This is by no means an exhaustive or technical review of the Shimano Front Freewheel System, just an overview of another way the bicycles could freewheel.

The Shimano Front Freewheel (FFS) was a proprietary bicycle drivetrain design of the 1970s that placed a freewheel between the pedal cranks and the front chainrings instead of on the rear wheel with the gears which enabled the rider to shift gears while coasting. The FFS rear freewheel is different than a standard freewheel because it’s “stiff” with more friction than a normal rear freewheel. It will slip if necessary however, to stop the chain in the event of, for example, a clothing tangle — which could otherwise lead to injuries of the leg by the drivetrain, crashing of the bicycle, or both.

FFS marketing followed Shimano’s then-current path of beginning with lower-cost implementations of the system using low tech and usually heavier materials. The resulting system was substantially heavier than the standard freewheel and, in any event, did not penetrate the market noticeably, although Panasonic, Ross, Schwinn, and Raleigh briefly equipped bicycles with FFS.

Patricia’s Suburban has the FFS


And So Does Ray’s Schwinn World Tourist




The System was made up of three or four parts depending on if you had a one piece or three piece crankset:

The Chainwheel

These chainwheels are immediately recognizable by the large black mechanism surrounding the crank arm at the base of the chainwheel. This is the freewheel.


The Bottom Bracket with the freewheel (If you had a three piece crankset)


The Friction Freewheel

These are recognizable by the warning on the outerplate that it is for use only with the Shimano FFS System. If you open one of these freewheels up, you’ll see that each ring has its own set of pawls, so take my advice and don’t open one of these.

The Positron Rear Derailleur with the ‘Push / Pull’ Wire Cable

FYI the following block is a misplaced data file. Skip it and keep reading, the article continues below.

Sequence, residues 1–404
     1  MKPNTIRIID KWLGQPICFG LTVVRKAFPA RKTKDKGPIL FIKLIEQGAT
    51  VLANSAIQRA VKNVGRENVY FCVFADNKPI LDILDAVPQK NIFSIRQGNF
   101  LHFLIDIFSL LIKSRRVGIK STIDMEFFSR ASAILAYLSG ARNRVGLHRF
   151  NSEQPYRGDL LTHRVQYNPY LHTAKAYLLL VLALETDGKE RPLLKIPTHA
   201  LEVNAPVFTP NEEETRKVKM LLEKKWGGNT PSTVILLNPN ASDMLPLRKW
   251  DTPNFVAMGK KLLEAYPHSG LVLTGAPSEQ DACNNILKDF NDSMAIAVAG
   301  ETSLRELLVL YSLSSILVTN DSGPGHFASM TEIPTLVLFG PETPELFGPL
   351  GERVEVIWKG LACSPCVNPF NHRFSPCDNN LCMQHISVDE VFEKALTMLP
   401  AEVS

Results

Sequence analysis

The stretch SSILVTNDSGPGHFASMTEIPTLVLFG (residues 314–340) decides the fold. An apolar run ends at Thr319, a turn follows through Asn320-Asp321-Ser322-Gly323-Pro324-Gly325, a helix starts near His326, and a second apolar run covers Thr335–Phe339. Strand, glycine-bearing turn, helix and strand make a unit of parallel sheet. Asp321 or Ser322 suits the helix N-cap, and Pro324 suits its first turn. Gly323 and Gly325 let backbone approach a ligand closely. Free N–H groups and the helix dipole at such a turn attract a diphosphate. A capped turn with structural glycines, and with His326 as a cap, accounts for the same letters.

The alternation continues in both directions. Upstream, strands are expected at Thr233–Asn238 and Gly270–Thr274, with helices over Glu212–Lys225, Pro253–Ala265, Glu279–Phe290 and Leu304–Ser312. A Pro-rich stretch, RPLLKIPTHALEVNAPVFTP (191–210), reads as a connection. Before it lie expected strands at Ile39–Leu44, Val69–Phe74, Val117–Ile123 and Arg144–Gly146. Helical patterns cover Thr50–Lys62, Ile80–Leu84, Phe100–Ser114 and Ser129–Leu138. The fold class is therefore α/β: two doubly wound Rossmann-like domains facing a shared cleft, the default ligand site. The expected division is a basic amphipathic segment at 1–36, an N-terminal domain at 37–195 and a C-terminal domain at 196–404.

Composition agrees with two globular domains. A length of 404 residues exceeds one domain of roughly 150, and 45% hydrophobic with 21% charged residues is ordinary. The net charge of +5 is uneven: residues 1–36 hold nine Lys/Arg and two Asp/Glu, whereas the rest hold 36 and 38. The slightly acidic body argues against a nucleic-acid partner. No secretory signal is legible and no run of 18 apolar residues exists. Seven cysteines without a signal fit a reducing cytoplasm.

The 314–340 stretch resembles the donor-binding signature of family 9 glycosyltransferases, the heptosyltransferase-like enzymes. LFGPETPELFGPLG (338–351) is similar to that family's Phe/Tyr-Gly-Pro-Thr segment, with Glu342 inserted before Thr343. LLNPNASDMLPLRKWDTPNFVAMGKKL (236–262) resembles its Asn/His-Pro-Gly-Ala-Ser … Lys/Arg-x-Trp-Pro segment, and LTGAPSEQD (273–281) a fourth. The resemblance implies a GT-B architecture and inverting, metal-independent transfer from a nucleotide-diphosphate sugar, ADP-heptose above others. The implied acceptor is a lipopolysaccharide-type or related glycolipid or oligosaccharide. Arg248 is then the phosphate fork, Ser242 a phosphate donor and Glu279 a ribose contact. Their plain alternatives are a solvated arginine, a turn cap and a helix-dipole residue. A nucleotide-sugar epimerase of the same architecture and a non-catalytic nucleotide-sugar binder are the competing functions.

These derailleurs were an early version of an indexing system. Instead of the shift levers being indexed the derailleur itself was. You may be able to see the indexing marks on a triangular plate at the bottom of the derailleur where it meets the pulley cage. The plate had ‘stops’ that corresponded to the individual gears. The cable is a special solid wire instead of a coiled cable, which enabled it to both pull the derailleur and push it. A return spring would not have been powerful enough to overcome the ‘stops’ built into the derailleur. Positron derailleurs can also be found on bicycles that did not have the FFS. This particular one was on a late model Peugeot Mixte.

The system had many detractors including Sheldon Brown. Most thought it was unnecessarily complex and heavy. I do think it is heavier than a standard freewheel however, it is also quite handy especially if you are an urban commuter who has to do a lot of start and stop biking. By not having to pedal in order to shift, you can shift into and easier gear while you are coasting to a stop so that you’ll be in the appropriate gear when you’re starting off again. You can also shift into a gear while you’re at a stop and as soon as the rear wheel starts moving the chain will fall into the gear that you’ve preselected. 

This video with Calvin Jones from Park Tool Company illustrates the system quite well


I hope this was interesting and informative. If there is something that is confusing or wrong please let us know!